Where to find affordable N.Y.C. apartments

Rendering courtesy of the gotham organization Gotham West on West 45th St., above and at bottom.

Rendering courtesy of the gotham organization
Gotham West on West 45th St., above and at bottom.

BY LAUREN PRICE   | “Our city’s biggest challenge is the growing disparity between affordable and market-rate housing,” according to Jonathan Miller, the president and C.E.O. of Miller Samuel Inc., a New York-based real estate appraisal and consulting firm. “Producing affordable housing helps us provide a greater diversity for labor skills needed in New York. And in the long run, affordable housing stands as an essential component for the city to continue as a thriving community.”

Mayor Bill de Blasio, whose 2013 campaign focused considerable attention on expanding affordable housing opportunities, laid out the specifics of his plan earlier this month. A report released by City Comptroller Scott Stringer in April made clear the scope of the housing affordability challenge facing the city after 12 years in which median apartment rents grew by 75 percent, compared to an average increase nationwide of 44 percent. 

De Blasio’s goal of building or preserving 200,000 units of affordable housing over the next decade represents a significant step up from the 165,000-unit record from the 12 years of the Bloomberg administration.

The new mayor comes to his mission with considerable housing qualifications. During the Clinton administration, he served as the regional director for the U.S. Dept. of Housing and Urban Development under then-Secretary Andrew Cuomo. As a member of the City Council prior to his election as public advocate in 2009, de Blasio wrote the law that stopped landlords from discriminating against tenants based on their source of income.

Currently, developers of rental properties can receive low-cost financing through the city’s Housing Finance Agency when at least 20 percent of the units are designated as affordable housing. Drawing on funds raised through the sale of tax-exempt bonds, the H.F.A. requires that qualifying apartments must be affordable and rented to households with incomes at or below 50 percent of the neighborhood Area Median Income, adjusted for family size. An alternative way for developers to qualify is to set aside 25 percent or more of a project’s units for households whose income is 60 percent or less than the local A.M.I., adjusted for family size.

Affordability is defined as a monthly rent no greater than 30 percent of gross household income.

A list of projects financed by H.F.A. currently holding lotteries or accepting applications can be found at nyshcr.org/topics/home/renters/opportunitiestoapplyforaffordablerentalunits.htm.

New York’s is a high-density housing market short on land, but more than a few of New York’s major development companies are big players in “80/ 20” affordable housing programs.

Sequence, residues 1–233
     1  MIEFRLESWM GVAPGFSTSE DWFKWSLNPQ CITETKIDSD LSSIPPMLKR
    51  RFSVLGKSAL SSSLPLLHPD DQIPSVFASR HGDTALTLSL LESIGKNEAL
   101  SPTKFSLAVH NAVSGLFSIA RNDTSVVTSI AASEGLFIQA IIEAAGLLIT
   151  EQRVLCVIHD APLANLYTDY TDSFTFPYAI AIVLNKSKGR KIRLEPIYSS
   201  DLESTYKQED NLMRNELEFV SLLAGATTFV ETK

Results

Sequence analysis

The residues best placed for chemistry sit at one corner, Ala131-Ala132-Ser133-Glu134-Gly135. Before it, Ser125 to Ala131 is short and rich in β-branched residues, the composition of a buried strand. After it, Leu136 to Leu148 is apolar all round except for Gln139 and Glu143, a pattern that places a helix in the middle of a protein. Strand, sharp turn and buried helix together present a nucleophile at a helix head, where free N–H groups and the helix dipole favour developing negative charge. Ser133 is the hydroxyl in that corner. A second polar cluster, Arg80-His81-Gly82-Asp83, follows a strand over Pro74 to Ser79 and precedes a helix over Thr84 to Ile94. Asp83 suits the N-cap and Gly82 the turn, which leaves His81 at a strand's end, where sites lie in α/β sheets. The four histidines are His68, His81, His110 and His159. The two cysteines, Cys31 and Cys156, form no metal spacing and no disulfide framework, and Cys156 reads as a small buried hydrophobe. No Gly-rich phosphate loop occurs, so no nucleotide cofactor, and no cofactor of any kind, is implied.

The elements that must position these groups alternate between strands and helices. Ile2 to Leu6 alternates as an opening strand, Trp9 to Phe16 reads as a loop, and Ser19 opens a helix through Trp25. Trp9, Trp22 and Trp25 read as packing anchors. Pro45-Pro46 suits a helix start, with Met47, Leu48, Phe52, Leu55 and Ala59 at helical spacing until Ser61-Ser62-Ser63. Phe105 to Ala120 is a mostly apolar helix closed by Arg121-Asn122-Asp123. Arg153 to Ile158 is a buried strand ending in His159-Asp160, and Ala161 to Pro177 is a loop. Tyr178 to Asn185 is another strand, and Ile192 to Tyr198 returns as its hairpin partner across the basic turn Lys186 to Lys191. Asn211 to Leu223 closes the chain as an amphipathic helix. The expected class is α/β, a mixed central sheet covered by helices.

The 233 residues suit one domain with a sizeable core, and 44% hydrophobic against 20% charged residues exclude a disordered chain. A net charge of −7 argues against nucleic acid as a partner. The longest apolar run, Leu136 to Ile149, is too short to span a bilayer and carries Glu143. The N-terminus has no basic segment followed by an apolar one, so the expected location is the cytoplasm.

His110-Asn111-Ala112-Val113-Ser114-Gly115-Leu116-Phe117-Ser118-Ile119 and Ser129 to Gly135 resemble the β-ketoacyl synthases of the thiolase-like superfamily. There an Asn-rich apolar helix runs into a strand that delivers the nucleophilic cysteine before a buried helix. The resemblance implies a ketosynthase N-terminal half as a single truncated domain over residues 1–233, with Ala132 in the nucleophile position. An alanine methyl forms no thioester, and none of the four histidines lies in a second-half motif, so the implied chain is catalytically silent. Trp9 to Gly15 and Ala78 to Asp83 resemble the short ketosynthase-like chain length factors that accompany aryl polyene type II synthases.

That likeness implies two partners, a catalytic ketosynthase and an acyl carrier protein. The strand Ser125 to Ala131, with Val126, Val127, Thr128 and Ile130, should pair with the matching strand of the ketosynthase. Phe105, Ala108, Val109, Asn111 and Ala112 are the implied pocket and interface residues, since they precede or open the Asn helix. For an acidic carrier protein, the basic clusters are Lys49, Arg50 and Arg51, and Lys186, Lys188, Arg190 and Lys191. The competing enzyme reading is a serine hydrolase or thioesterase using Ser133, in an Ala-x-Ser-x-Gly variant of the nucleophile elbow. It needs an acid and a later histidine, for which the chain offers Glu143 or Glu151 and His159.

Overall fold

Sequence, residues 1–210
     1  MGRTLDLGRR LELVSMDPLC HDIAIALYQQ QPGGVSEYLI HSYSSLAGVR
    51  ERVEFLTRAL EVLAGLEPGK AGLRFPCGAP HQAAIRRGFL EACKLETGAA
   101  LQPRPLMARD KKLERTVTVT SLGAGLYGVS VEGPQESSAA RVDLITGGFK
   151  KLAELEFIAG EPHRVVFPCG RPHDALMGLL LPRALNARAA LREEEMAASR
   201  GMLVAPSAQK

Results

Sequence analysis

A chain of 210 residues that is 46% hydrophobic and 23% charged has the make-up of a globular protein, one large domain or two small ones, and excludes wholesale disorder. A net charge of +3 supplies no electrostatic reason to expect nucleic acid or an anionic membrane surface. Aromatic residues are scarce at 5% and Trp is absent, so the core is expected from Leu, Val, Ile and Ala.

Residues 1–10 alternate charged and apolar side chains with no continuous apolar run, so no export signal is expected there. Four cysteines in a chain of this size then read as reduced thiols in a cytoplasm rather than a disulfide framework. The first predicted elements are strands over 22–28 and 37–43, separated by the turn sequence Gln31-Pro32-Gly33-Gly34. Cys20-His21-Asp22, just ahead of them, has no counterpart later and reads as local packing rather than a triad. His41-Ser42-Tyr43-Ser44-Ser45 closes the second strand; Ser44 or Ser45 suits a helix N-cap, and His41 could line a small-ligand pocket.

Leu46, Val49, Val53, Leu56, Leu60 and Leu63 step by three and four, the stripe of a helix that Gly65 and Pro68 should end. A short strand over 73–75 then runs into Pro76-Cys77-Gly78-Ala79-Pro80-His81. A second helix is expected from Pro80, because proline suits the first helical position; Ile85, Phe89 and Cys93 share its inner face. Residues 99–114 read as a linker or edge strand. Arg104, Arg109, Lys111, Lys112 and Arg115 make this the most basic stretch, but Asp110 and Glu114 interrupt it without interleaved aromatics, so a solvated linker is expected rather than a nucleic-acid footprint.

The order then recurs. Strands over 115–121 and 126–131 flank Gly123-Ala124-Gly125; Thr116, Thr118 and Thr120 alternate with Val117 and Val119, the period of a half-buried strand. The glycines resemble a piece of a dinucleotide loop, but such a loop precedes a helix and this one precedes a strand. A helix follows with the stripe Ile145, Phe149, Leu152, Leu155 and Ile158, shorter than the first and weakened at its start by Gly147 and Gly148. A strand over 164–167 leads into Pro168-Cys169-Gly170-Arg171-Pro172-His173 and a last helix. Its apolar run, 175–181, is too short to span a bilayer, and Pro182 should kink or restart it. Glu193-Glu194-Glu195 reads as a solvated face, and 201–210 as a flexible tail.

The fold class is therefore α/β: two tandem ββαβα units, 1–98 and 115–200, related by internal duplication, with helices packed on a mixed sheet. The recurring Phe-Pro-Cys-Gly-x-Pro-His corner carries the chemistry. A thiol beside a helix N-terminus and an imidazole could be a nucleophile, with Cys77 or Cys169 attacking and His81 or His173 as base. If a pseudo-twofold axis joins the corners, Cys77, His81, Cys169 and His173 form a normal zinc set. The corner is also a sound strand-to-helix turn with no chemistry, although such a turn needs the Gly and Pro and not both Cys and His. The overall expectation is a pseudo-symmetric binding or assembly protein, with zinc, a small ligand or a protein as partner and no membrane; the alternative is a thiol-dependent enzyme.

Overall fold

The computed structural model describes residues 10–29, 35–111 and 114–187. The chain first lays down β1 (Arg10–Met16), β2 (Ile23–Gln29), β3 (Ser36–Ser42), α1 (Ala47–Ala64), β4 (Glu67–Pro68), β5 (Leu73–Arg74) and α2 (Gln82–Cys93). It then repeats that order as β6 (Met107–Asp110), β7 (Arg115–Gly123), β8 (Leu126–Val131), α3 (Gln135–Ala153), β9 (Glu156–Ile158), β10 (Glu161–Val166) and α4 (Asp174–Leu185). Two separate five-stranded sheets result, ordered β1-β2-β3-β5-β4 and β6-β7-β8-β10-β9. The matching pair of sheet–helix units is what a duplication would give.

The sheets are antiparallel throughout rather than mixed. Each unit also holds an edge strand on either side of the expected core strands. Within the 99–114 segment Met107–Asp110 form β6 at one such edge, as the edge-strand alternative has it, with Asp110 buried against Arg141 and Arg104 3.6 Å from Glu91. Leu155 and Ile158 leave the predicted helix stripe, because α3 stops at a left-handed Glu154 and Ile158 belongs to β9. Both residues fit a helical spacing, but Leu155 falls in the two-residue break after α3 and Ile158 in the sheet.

Rendering courtesy of the gotham organization

Rendering courtesy of the gotham organization

Related Companies, one of the nation’s largest developers, has a significant commitment to developing, acquiring, and preserving housing in the affordable sector. In fact, according to the company’s website, more than 60 percent of its 50,000-plus apartments under management are part of one or more affordable housing programs (related.com/our-company/businesses/9/affordable-housing).

L+M Development Partners is a builder of affordable, mixed-income, and market rate housing. From conception to completion, this developer is responsible for more than $2.5 billion in housing development, investment, and construction, having created more than 15,000 units in the tri-state area.

In a partnership with Dunn Development, L + M is currently developing the mixed-use, multi-building Navy Green complex on Clermont and Vanderbilt Aves. in Fort Greene near the Brooklyn Navy Yard. Offering about 460 units when completed, the development represents a combination of rentals and condos, with more than 20 percent of the total designated as affordable, as well as nearly 100 units of supportive housing. (lmdevpartners.com)

TF Cornerstone focuses on acquisition, development, construction, and management of residential, commercial, and retail properties. With an aggressive acquisition strategy and a construction division, the company’s property portfolio includes a collection of luxury residential buildings.

Partnering with Selfhelp, a senior citizen non-profit organization, the company is now at work on Phase II at Hunters Point South, which is a massive housing complex along the Long Island City riverfront. Made up of two high-rise towers with nearly 1,200 units, the development is setting aside 60 percent for affordable housing — with some 100 units reserved for seniors. The development will feature a fitness center, a rock-climbing wall, a rooftop deck, a pre-K school, and a dedicated senior recreational center with fitness classes, nutritional education, and blood pressure testing, among other services. (tfcornerstone.com/new-york-city-life/tag/affordable-housing/)

Gotham West, located in a series of buildings on West 45th St., is a mixed-use, 1,238-unit development from the Gotham Organization (gothamorganization.com). There are 250 units that fall into the 80/20 program, and the development has created another 432 units for middle-income housing.

“Gotham West is currently accepting applications for the middle-income category,” said Melissa Pianko, Gotham’s executive vice president of development. “We also have another 80/ 20 project under construction at 600 Fulton St. in Brooklyn, but marketing efforts have yet to begin.” 

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